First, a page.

Meanwhile, Mr Hunt launched a £1m annual prize over the next decade to reward the most ground-breaking British AI research. It will be called the Manchester Prize in honour of the world’s first stored programme computer built at the University of Manchester 75 years ago.


The Government is to spend nearly a billion pounds building a new supercomputer to carry out a billion billion operations per second — several times faster than the UK’s existing top supercomputers.

But the Government has not yet decided where it will be built, when it will be finished or details of technology to be used.

Charles Russell Speechlys partner Nick White pointed out that the Government’s decision to spend £900m on a world-class exascale computer will still leave the UK behind the US, EU and probably China in building an exascale machine.

White said: “However, it should be a huge boost to the UK’s ability to support cutting edge research in areas requiring complex modelling and simulations, such as climate change, pharmaceutical development and hi-tech engineering.”

Quantum computing

The Chancellor also committed to spend £2.5bn over 10 years on quantum computing in his 2023 Spring Budget.

“The UK is becoming a low risk place to undertake high risk ventures, largely as a result of world leading research supported by government and successfully spun out of universities,” said James Palles-Dimmock, CEO of Quantum Motion.

“The next phase, with an increased budget of £2.5bn, will put us at the forefront globally for governmental investment into quantum technologies, after some significant support from the US, Germany and China to their respective national programs. It is a big signal that the UK wants to build on the ‘unfair advantage’ that we have thanks to the work of the NQTP and our world leading universities and that we have a desire to see quantum technologies through to commercialisation.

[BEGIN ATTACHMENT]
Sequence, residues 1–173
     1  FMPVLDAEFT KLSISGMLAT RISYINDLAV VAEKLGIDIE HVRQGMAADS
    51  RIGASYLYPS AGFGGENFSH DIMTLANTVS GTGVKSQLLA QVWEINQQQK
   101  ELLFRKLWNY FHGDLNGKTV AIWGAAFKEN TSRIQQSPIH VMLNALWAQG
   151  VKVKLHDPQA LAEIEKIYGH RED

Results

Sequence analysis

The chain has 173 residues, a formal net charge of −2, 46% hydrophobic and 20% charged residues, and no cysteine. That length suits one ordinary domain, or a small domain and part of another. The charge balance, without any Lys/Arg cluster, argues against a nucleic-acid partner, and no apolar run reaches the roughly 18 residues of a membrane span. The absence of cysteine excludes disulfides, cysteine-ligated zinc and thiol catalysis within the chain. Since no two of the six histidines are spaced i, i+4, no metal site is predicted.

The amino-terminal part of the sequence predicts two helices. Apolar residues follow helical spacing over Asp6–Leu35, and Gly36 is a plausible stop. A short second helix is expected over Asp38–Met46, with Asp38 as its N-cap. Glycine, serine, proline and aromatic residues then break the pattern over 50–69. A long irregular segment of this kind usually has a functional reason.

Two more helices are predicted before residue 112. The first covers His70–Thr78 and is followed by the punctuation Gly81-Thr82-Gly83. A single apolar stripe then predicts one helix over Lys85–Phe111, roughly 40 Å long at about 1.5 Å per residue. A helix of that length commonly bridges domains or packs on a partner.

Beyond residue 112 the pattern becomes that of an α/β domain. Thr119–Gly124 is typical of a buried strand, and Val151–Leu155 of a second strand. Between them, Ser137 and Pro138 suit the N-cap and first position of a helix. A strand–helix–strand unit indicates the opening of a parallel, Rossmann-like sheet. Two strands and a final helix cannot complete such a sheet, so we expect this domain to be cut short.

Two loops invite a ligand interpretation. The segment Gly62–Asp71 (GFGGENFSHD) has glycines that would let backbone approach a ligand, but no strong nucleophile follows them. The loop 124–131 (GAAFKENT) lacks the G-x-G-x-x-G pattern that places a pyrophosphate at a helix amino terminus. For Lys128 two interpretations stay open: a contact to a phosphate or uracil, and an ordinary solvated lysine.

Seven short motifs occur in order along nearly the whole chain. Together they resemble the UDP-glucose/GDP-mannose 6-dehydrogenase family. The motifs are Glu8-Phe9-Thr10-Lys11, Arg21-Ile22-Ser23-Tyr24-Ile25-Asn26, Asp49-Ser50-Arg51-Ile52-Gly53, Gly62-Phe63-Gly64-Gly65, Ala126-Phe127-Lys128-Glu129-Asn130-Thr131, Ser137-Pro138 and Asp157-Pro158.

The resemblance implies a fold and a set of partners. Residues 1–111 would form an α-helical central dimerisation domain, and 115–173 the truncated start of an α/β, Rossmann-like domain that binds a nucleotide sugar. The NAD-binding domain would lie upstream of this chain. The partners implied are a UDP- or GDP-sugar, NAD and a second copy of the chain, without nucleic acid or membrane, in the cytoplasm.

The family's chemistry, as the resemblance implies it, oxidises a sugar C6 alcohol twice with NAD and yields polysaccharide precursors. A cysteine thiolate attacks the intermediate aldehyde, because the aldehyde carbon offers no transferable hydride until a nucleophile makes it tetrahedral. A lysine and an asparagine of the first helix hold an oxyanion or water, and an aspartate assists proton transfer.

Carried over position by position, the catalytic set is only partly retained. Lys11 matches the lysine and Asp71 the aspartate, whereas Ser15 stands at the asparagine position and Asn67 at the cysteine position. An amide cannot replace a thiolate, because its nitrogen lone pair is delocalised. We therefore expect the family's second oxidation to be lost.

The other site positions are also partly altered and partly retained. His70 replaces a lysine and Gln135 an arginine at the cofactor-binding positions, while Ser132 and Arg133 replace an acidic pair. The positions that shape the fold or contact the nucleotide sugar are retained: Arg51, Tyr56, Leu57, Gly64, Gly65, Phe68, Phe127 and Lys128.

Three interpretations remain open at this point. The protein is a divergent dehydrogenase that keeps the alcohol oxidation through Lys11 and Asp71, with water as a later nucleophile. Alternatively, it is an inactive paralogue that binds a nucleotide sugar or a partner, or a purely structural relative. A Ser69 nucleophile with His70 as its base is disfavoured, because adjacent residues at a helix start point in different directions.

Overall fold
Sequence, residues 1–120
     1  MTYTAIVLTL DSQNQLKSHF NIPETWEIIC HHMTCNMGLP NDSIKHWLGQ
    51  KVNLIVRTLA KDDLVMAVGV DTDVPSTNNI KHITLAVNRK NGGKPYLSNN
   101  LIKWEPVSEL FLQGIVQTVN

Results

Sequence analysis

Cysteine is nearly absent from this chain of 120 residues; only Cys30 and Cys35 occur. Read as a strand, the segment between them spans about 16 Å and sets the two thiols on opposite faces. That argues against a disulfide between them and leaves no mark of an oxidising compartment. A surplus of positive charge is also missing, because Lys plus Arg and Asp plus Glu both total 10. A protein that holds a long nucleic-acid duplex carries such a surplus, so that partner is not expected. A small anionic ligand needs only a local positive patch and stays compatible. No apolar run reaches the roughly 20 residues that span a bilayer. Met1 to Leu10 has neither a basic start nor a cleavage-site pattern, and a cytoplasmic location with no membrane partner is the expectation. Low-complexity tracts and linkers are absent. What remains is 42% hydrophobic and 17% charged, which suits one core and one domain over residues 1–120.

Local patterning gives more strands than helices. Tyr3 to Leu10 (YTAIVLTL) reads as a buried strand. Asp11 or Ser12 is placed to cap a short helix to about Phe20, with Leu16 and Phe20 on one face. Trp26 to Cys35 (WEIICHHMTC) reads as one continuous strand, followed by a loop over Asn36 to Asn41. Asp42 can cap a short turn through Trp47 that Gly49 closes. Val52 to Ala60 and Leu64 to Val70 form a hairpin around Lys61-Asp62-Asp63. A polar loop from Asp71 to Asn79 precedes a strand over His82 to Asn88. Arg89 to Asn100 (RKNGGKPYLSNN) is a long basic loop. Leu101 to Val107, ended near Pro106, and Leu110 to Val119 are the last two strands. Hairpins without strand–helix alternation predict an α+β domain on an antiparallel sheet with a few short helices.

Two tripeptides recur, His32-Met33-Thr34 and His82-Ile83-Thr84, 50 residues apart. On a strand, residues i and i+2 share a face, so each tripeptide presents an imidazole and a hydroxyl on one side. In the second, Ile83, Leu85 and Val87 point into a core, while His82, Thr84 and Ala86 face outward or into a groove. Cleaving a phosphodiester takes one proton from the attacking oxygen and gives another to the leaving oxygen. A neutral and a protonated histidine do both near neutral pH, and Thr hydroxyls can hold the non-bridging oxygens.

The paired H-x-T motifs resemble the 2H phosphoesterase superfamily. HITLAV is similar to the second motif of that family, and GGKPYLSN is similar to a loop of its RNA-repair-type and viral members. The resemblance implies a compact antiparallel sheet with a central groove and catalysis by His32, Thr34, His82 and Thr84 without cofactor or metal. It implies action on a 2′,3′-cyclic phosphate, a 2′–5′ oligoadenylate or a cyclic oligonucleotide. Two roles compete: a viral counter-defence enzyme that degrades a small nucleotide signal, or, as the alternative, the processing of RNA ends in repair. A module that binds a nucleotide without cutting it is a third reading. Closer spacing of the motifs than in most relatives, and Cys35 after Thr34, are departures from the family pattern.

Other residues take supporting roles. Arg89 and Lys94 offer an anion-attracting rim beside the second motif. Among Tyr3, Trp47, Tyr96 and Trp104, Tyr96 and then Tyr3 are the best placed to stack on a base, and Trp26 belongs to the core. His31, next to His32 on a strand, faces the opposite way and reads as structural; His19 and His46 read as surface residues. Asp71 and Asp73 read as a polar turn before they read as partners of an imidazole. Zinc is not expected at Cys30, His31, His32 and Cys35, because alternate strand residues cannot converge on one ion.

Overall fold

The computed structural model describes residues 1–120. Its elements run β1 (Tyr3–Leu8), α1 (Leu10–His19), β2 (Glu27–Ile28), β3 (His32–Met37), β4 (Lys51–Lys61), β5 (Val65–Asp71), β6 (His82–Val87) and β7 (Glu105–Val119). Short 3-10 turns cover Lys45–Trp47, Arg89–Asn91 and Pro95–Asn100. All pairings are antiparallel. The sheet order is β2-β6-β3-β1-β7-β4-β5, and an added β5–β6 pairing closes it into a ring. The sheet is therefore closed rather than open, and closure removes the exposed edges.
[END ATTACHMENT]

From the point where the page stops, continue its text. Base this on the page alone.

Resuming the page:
“While the UK does have a large advantage in this area it is important that we still have the capacity to work collaboratively across borders. Manufacturing and talent are two key areas where the gains to be made from collaborative working significantly outweigh the risks and I will be keen to see how we can continue to welcome the best of world’s talent to the UK to allow us to continue to accelerate the realisation of these enabling technologies.”

More on 2023 Spring Budget

Hunt replaces super deduction with new tax break

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Aaron Hurst

Aaron Hurst is a senior reporter for Information Age, providing news and features around the hottest trends across the tech industry.